Data Doctor - E-mailing photos growing more complicated - East Valley Tribune: Business

Data Doctor - E-mailing photos growing more complicated

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Posted: Monday, November 6, 2006 2:29 am | Updated: 3:43 pm, Fri Oct 7, 2011.

Q.We enjoy sending pictures to grandparents, but we have lost our auto compression feature in Outlook. How do you turn back on the auto compress feature? — Larry

A. Sending pictures via email has become much more complicated for a variety of reasons, and taking a different approach may be a better solution.

Microsoft’s Outlook and Outlook Express e-mail programs do not have any built-in compression features, so you likely had what is know as a “plug-in” installed at some point in the past.

If you don’t remember ever installing such an addon, there are a number of companies that have written low-cost and even free plug-ins for the Microsoft e-mail clients (search Google for “image compression for Outlook”), or you can use my favorite image management tool “Picasa.” Picasa will work directly with most popular e-mail programs and is a free download from Google (http://picasa.google. com).

But before you decide to keep sending images via e-mail, there are a few other things to consider.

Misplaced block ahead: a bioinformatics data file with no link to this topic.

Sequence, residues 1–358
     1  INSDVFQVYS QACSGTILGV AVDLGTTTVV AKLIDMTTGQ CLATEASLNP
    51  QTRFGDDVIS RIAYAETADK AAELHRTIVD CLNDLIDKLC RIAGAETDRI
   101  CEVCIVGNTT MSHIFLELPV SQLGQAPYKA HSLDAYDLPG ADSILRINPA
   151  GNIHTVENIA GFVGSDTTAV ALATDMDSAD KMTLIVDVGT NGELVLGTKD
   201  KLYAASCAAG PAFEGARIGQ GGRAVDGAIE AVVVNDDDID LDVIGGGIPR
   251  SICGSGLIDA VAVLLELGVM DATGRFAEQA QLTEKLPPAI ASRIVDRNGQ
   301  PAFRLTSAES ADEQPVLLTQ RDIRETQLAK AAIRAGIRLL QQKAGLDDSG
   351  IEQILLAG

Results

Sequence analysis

Digital cameras today have very large “mega pixel” ratings, which means that each picture you take is much larger than they were several years ago.

Even compressed, you will be limited to how many images you can attach to minimize the chances of the receiving party’s mail server rejecting your message because the combined size of the attachments may be too large.

Spam filters and security software installed in the recipient’s machine can also cause the message to be undeliverable, so using Webbased image-sharing sites may make more sense for you and your recipients.

By uploading your images to a private (but shareable) location, you will only need to deal with compressing each image one time, no matter how many people you want to share the pictures (and it’s an automatic feature of the upload process).

Once you have uploaded your images, you simply send a text message with a link to invite friends and family to view, download or print the images.

Over time you can build up shareable albums, and a great offshoot of using these services is that you automatically have created a backup of your precious pictures.

Once your images are uploaded, you can make movies, slide shows, DVDs, collages, coffee table books or a number of other products right from the site to share with others.

Some of the more popular sites that are free to use include www.shutterfly.com, www.hello.com (which works directly with Picasa) and www. snapfish.com (owned by HP).

If you are more interested in sharing your images with the whole world, sites like www.fotki.com and www.flickr.com take the “social networking” approach (a la MySpace.com) so that you can interface and share with lots of random Internet users.

If you are a travel junkie and want to share with other travel junkies, check out www.worldisround.com.

If you are more than just a casual photographer, there are many sites geared toward advanced users that will allow much higher resolution images to be posted and downloaded like www.smugmug.com, www.pixagogo.com and www.funtigo. com.

If you think that your pictures are desirable enough that others will buy them, you can try selling your images at www.dotphotopro.com.

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